Yahoo clinches worst headline of the day

Yahoo! Sports clinches the title for worst headline of the day with this mismatch of a singular subject and a plural verb:

clinch-spo-hp

Clippin’ the Los Angeles Clippers

The Clippers are a professional basketball team. Their home court is in Los b, according to Yahoo! Sports:

los-b-spo

There’s another team with the same name, but it’s located in Los Angeles, which isn’t anywhere near Los b.

Once is a typo

When I read this on the Yahoo! Sports home page, I was sure it was a typo because every high school graduate knows how to spell Philippines, right?

phillipines-spo-hp

Wrong. Here it is again, in a yuuuuge headline:

phillipines-box

What are the chances that the same typo would appear twice? Or three times?

phillipines-cap-spo

Once is a typo. Twice is a misspelling. Three times is an embarrassment.

How did you arrive at that word?

I’m wondering about the Yahoo! Sports editor and her arrival at this wording:

arrival to spo

The phrasal verb is arrive at and the noun phrase is arrival at.

Take a peek at this!

Take a peek at this excerpt from Yahoo! Sports:

peak your interest mlb

If that doesn’t pique your interest in learning about homophones, nothing will.

Almost right

Almost every reader of Yahoo! Sports would question this wording, wouldn’t they?

most every nba

It struck me as just plain wrong to use most instead of almost. But apparently some authorities consider it acceptable in informal speech, but advise against using it in formal writing. And almost all of them also add: It’s best to use almost, rather than most, in similar situations, like almost everyone, almost everybody, almost everything.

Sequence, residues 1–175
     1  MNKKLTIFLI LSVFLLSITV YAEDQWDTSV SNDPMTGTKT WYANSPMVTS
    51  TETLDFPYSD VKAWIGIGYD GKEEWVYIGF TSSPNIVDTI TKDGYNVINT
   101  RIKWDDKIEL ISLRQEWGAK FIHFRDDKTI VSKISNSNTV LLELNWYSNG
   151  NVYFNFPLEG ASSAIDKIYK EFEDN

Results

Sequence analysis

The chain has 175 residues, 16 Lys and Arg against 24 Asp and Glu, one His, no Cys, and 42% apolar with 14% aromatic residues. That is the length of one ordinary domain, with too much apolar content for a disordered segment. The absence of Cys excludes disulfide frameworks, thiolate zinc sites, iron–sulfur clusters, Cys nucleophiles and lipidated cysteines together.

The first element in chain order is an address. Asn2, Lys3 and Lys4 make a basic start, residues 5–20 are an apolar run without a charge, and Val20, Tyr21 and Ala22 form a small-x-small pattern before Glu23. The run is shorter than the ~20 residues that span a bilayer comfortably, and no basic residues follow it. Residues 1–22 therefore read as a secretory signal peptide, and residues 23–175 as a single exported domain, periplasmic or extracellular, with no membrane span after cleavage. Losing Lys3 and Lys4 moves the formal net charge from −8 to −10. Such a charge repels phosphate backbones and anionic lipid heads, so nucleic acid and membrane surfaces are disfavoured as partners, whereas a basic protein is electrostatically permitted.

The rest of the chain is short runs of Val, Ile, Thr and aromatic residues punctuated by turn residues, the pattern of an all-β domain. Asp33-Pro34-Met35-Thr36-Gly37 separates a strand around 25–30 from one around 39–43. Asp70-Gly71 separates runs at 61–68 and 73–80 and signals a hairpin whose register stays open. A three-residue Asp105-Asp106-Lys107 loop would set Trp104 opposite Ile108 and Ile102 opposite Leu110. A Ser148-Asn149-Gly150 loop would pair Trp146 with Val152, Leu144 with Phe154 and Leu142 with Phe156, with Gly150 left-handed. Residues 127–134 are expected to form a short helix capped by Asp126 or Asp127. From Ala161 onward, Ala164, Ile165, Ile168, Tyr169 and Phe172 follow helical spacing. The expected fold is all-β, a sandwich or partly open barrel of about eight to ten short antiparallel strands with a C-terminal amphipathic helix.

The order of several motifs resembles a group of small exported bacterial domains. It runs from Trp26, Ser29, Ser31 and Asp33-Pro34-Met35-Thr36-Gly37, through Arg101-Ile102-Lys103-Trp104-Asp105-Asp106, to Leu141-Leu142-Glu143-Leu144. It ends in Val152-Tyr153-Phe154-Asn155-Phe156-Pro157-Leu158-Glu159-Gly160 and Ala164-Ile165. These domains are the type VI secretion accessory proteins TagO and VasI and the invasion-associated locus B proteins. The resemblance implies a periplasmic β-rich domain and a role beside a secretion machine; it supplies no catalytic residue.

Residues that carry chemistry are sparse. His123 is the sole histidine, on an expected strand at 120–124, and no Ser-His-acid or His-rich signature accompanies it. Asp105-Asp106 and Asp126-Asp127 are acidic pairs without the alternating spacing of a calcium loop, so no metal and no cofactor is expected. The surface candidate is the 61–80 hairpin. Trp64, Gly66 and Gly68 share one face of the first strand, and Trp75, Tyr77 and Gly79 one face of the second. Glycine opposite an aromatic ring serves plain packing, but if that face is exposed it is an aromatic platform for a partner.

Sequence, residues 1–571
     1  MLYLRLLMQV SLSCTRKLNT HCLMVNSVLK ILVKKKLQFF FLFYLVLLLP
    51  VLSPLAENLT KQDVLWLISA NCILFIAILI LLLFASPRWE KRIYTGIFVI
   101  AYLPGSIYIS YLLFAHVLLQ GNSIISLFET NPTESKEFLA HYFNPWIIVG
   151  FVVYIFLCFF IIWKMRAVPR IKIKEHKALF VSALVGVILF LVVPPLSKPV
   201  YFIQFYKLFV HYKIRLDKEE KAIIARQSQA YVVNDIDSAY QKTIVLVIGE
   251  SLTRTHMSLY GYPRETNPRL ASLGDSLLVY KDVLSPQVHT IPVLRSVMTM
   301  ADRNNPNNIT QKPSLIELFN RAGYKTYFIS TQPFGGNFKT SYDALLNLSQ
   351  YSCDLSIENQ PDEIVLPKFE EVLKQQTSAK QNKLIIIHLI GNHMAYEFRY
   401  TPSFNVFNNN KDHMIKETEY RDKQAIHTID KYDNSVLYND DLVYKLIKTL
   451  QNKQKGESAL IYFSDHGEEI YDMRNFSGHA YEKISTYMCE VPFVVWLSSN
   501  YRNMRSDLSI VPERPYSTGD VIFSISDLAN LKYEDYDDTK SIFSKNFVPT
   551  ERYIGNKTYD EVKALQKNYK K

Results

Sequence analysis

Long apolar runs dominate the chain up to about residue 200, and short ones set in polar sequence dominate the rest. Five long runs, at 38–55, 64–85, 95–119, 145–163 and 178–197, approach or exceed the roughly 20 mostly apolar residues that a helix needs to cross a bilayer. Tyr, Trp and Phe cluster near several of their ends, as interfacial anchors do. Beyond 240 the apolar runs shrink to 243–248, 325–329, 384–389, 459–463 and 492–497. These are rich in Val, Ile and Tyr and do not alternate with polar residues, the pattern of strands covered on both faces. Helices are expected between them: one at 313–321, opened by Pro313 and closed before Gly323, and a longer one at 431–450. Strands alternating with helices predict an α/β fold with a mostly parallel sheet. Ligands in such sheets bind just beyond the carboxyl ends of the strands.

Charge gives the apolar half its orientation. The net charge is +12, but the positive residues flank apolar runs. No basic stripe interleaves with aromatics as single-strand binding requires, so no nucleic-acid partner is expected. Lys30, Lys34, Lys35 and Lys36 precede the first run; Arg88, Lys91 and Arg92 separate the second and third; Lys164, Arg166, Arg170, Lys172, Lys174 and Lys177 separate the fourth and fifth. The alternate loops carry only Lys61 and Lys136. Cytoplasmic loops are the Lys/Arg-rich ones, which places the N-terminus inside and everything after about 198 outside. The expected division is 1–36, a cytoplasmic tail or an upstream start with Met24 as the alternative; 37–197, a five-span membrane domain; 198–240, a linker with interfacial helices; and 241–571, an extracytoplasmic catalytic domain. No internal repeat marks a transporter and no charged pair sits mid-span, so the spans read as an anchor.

Buster Posey, scrappy player

Buster Posey may be a scrappy baseball player, but I think the writer for Yahoo! Sports should scrap this word and use scraped instead:

scrapped

Troops of athletes?

A regiment of athletes is a large group. According to Yahoo! Sports the regiment may be following a regimen of a procedure called cupping:

regiment spo

At least, I think that’s what the writer meant.

This is where I stopped reading

This is where I stopped reading a certain article on Yahoo! Sports:

where mlb

Each of these is wrong

What do these sentences have in common?

  • No misspelling ever appears on Yahoo!.
  • Articles written by Yahoo! staffers are grammatically correct.
  • Yahoo! articles are always accurate.

Each one of these sentences is wrong — just like this excerpt from Yahoo! Sports, where the writer can’t match the verb (which should be is) to the singular subject:

each are spo

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